This is why Gold Standard refuses to issue credits for REDD+ products, Leugers told us. They can’t be sure that the forests “protected” by the program would otherwise be logged. If a certifier gets this wrong, it would mean the carbon offsets sold to consumers, or to polluting companies like oil producers or airlines, are meaningless.
Mario Boccucci, head of the UN-REDD+ Programme Secretariat in Geneva, who shares the same office block as Leugers in this small, intense world, sees things differently. “I don’t look at them as controversies,” he says. “They are legitimate questions that have to be put into the right context.” He is frustrated that there hasn’t been more of an effort to comprehend what he sees as the benefits, emphasizing to us the acres of forests rescued by REDD+.
Verra, which certifies offsets generated by REDD+ projects and issues two-thirds of credits in circulation, sits at the center of the contentious rhetoric leveled at carbon trading from all sides. In response to allegations that offsets amount to greenwashing or are outright fraudulent, Verra’s then-CEO David Antonioli told us in March, much like others in the industry have, that carbon trading is just one small piece of the climate mitigation puzzle.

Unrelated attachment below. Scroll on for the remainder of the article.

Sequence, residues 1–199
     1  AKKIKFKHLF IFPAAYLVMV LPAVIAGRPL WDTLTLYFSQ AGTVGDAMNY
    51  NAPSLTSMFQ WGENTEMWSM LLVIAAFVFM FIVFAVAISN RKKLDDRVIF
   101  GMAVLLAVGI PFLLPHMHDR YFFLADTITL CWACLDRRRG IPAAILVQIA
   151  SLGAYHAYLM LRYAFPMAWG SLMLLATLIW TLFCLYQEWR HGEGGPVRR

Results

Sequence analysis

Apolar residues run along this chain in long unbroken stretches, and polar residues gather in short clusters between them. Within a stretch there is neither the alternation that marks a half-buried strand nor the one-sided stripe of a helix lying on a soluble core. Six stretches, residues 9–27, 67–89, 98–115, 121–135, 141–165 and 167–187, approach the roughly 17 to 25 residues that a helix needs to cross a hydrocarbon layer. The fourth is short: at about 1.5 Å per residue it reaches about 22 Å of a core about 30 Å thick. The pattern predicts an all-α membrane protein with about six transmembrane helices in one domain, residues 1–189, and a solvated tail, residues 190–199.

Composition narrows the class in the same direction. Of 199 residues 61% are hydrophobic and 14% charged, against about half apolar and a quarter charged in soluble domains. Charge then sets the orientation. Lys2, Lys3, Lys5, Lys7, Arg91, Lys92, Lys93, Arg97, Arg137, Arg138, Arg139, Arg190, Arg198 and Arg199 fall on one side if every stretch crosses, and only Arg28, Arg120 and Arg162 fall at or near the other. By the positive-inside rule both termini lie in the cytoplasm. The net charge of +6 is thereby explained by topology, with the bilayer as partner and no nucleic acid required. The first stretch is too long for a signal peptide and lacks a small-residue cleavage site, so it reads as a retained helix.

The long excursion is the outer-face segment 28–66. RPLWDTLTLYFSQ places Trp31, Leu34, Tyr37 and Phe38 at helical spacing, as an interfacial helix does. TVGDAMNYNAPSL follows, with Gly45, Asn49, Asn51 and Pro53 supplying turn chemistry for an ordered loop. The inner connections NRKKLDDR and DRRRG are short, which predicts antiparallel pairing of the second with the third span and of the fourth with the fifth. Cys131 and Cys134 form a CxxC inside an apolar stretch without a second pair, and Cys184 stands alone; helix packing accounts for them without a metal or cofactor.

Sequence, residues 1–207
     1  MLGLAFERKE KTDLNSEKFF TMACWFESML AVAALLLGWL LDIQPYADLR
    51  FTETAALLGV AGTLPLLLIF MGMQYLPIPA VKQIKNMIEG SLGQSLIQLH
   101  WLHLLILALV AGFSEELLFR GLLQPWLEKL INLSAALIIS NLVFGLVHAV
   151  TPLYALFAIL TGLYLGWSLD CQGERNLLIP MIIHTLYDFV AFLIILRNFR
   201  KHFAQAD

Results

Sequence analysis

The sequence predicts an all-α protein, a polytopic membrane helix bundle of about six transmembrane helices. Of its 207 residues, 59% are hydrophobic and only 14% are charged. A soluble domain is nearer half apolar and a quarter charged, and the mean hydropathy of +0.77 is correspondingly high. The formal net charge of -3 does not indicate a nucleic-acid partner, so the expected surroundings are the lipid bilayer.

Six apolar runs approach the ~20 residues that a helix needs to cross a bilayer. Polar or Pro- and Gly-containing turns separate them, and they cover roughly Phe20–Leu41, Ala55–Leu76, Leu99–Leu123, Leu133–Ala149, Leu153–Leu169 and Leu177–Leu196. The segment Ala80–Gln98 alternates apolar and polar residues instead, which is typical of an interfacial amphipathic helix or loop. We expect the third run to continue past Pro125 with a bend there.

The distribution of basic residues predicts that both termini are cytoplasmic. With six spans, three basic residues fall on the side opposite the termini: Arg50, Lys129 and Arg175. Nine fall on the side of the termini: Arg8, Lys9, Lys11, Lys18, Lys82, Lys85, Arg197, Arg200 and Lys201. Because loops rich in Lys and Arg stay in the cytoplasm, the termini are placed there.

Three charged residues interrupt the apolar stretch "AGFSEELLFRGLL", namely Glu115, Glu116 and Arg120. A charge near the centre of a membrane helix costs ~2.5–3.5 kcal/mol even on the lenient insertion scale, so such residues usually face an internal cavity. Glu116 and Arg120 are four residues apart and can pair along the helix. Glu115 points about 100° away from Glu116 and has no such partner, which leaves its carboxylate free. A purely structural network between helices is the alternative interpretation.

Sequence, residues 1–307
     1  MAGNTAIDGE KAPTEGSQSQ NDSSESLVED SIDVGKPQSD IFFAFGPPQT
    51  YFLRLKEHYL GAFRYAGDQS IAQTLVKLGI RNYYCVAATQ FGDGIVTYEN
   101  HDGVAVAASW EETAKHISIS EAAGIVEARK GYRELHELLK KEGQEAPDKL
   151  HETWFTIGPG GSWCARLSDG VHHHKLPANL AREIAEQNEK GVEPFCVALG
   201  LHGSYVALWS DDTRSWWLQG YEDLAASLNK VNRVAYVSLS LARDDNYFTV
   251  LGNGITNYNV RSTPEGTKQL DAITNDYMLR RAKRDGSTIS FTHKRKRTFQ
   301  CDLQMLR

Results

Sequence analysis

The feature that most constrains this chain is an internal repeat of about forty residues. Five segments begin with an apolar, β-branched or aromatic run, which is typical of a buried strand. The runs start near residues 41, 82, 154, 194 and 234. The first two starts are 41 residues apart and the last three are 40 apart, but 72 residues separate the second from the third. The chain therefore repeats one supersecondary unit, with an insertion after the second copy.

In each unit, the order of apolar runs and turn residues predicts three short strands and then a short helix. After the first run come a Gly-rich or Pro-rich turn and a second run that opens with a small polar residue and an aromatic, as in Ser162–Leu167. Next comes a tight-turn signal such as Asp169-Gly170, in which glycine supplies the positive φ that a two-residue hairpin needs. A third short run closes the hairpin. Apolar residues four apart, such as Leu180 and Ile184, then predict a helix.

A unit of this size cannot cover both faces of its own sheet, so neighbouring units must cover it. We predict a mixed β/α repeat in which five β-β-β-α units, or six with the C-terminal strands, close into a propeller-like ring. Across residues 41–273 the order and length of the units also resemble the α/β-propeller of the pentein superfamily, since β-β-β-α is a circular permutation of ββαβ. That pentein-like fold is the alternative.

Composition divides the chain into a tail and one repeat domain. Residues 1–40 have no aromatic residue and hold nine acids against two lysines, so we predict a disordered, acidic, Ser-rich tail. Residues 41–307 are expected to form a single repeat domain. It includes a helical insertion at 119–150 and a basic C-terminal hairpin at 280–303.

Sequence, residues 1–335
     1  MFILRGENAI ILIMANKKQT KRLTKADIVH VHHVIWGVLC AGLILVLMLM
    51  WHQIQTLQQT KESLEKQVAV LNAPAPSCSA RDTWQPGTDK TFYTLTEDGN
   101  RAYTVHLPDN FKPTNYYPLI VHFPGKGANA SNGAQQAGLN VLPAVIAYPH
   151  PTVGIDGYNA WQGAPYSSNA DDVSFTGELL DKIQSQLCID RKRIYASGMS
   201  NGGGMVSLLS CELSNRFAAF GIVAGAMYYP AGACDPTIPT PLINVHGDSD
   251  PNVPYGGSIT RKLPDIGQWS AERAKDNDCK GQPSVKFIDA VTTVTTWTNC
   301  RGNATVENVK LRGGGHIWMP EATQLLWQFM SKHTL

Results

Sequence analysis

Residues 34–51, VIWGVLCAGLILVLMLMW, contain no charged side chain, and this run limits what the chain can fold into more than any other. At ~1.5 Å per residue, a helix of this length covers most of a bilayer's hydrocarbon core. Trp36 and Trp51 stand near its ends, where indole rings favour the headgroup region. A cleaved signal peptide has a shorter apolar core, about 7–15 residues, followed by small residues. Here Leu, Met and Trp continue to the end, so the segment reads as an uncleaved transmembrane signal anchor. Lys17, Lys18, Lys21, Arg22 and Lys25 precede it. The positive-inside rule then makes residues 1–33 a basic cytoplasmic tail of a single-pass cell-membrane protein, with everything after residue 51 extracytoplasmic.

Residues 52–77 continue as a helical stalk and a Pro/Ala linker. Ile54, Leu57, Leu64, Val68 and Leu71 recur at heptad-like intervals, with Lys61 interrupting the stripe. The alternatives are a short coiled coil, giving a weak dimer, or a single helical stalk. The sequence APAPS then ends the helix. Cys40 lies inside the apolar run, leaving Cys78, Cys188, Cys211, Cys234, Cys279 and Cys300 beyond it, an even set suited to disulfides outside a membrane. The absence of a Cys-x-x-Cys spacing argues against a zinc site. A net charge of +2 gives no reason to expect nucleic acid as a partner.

Antonioli insists that the Guardian’s investigation got it wrong — that the methods it used to discredit Verra’s credits, he says, “are comparing apples and oranges.” He’s probably right about the difficulty of evaluating such complex data. But if it is so difficult to explain that carbon credits have integrity, it’s equally hard to feel much confidence that these abstract instruments are shifting the climate dial.